Medicare

**We do not offer every plan in your area. Currently, we represent 17 organizations which offer 78 products in your area. Please contact Medicare.gov, 1-800-MEDICARE, or your local State Health Inusrance Program (SHIP) to get information on all of your options.

Medicare can be cumbersome for a lot of people and this article is meant to highlight the first steps. If you or someone you know is needing assistance with where to start, go to ssa.gov and create a login. Sometimes people are confused in going to the social security website to sign up for health coverage benefits but rest assured, you are in the right place to enroll in Medicare. If you have already created a social security login to view your social security statements, it should be under the same login. To create an account, you will need know some basic information such as social security number, date of birth, address, etc. Once you are logged into the social security website follow the instructions to sign up for Medicare Part A. Even if you are still working at age 65 or older it is wise to activate Medicare Part A because it costs nothing to enroll in Part A and it creates your Medicare ID number. Additionally, if the unexpected happens and you need care from a hospital, Medicare Part A could potentially supplement your work coverage. Long story short, there is no advantage to not signing up for Medicare Part A after you become eligible, but at this point in time there is also no penalty for not signing up for Part A.

Medicare Part B is often misunderstood. There can be lifelong penalties to people if they are eligible for Medicare B and do not enroll or have credible coverage through another source such as an employer because they are still working. There is a cost associated with signing up for Medicare Part B, the participant’s income will determine how much someone with pay for Medicare Part B and it is typically deducted from people’s social security income payments. If a participant is currently not receiving social security income payments, they will pay Medicare directly for the part B premium. Medicare Part B covers 80% of a participant’s medical costs (not covered under Part A), the participant is responsible for the remaining 20% of the bill. If people are eligible for Part B and do not have credible coverage and procrastinates signing up for Medicare Part B, they will pay a penalty when/if they eventually enroll in Part B. Some people think that delaying signing up for Medicare Part B will save them money because they do not have the deduction taken out of their social security income payments, but ultimately, they could end up paying more over the long run by delaying. Our recommendation for people is to sign up for Medicare Part B when they are eligible unless they have credible coverage in place. If someone has credible coverage in place, sign up for Medicare Part B when there is no longer credible coverage in place.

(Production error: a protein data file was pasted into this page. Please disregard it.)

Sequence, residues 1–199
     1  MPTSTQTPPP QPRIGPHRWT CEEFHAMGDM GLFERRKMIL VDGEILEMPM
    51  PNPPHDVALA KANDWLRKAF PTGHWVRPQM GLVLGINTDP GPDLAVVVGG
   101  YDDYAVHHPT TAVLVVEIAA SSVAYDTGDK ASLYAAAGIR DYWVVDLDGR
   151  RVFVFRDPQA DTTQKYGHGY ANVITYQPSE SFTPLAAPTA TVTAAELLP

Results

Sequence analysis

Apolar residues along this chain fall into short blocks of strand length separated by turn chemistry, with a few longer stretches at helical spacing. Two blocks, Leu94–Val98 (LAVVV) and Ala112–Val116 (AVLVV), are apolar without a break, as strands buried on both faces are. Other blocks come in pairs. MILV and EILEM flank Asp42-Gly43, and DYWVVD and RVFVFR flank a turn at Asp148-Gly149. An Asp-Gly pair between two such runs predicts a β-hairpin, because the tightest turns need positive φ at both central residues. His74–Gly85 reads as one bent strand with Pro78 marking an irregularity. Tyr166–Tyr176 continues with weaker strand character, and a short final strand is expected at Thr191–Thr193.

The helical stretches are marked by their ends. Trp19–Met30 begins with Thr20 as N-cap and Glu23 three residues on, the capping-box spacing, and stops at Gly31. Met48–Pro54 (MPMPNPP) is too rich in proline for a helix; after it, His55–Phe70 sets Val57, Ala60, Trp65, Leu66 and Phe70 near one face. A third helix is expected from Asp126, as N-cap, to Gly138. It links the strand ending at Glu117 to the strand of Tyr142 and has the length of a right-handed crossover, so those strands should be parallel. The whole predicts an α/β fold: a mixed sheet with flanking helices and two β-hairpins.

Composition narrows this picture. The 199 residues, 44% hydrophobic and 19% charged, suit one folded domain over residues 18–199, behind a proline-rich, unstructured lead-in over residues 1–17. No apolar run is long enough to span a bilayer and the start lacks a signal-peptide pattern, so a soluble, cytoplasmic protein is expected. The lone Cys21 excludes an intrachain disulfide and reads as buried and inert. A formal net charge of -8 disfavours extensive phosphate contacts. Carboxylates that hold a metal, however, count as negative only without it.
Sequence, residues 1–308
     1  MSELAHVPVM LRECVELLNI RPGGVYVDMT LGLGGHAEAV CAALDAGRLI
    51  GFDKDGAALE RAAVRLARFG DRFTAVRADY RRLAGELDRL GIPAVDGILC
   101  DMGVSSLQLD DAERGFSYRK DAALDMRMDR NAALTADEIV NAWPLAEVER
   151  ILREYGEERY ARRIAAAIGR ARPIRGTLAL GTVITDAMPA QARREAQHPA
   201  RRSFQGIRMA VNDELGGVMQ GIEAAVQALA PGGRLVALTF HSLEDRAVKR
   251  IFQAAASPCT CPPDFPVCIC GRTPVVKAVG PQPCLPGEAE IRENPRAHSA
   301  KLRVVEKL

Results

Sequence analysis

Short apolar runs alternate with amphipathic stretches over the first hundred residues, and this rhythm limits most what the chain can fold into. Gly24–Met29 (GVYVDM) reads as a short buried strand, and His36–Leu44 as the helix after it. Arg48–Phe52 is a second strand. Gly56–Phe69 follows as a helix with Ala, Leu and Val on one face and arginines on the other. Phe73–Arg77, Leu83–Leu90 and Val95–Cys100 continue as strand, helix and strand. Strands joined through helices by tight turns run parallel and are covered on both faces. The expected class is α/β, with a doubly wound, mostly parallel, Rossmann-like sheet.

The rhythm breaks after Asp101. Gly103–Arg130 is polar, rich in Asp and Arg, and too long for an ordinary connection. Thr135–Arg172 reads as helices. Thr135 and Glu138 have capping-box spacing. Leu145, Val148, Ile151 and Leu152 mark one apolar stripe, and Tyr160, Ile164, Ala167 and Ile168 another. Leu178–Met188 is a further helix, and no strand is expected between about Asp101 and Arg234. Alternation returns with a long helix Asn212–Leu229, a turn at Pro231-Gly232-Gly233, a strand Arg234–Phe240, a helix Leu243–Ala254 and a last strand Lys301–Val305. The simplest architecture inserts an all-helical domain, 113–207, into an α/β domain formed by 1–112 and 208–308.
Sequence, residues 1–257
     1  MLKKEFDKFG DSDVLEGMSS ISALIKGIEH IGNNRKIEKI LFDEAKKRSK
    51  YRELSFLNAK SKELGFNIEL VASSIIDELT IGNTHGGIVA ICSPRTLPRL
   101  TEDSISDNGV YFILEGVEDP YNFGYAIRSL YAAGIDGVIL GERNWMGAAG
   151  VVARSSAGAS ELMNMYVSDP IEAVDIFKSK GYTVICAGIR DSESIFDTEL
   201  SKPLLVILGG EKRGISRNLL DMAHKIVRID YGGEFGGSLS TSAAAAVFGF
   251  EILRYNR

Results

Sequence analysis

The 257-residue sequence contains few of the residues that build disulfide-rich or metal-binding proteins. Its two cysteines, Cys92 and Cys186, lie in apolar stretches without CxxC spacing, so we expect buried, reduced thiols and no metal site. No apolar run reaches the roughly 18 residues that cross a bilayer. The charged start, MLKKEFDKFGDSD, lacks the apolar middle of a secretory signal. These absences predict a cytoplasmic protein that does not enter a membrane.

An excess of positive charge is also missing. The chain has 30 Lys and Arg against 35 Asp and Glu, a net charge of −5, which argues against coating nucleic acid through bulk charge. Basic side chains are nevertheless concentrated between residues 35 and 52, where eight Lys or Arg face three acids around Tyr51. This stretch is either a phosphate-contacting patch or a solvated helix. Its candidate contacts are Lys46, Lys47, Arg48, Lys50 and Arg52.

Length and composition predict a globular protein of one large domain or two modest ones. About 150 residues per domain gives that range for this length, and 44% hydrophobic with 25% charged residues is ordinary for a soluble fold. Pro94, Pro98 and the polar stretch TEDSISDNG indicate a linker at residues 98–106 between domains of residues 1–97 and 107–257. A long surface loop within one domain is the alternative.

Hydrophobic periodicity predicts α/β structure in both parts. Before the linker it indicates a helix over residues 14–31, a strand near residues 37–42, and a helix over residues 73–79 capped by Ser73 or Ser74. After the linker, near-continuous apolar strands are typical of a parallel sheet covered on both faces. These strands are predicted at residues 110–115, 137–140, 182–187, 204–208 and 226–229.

Medicare Part C is commonly known as Medicare Advantage and is administered through private insurance companies. The main reason why participants sign up for Medicare Advantage or Medicare Supplemental Insurance is to transfer the risk of the remaining 20% obligation they could face. With Medicare Part C there is a maximum out of pocket for participant, this is commonly referred to as “MOOP”, and is in the ballpark of $5,000 to $7,500. Medicare Part C advertisements can be misleading with “no costs” premium plans but you may still pay deductibles and copays for covered services, and you still must pay the Medicare Part B premium. There are pros and cons to Medicare Part C plans. Our recommendation is to speak with a knowledgeable independent insurance agent who is appointed with multiple insurance companies in order to gain the knowledge of the best Medicare plans in the participants zip code.

Medicare Part D pertains to prescription drug benefits. There can also be lifelong penalties to people if they are eligible for Medicare but do not have credible prescription drug coverage. Meaning if

someone retires at age 65 or older and they sign up for Medicare Part A & B but do not sign up for a prescription drug plan they will most likely incur a penalty per month on the premium if/when they do enroll in a prescription drug plan. If a participant signs up for a Medicare Part C plan, generally it will include a prescription drug option built into the plan. Our recommendation is to sign up for a Medicare Part D plan when someone is eligible unless they have credible prescription coverage through another source.

If you are interested in learning more about Medicare options, please reach out directly to our Bellevue, Washington office at 425-246-4222 or visit www.pacificinsurancegroup.com. One of our knowledgeable insurance licensed agents will be happy to listen and guide you to helpful information.